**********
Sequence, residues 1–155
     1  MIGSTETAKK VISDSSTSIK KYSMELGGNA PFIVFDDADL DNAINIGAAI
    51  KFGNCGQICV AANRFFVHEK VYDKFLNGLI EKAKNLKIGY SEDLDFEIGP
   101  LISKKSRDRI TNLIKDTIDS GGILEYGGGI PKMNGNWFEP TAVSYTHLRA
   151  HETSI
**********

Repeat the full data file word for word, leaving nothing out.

Sequence, residues 1–155
     1  MIGSTETAKK VISDSSTSIK KYSMELGGNA PFIVFDDADL DNAINIGAAI
    51  KFGNCGQICV AANRFFVHEK VYDKFLNGLI EKAKNLKIGY SEDLDFEIGP
   101  LISKKSRDRI TNLIKDTIDS GGILEYGGGI PKMNGNWFEP TAVSYTHLRA
   151  HETSI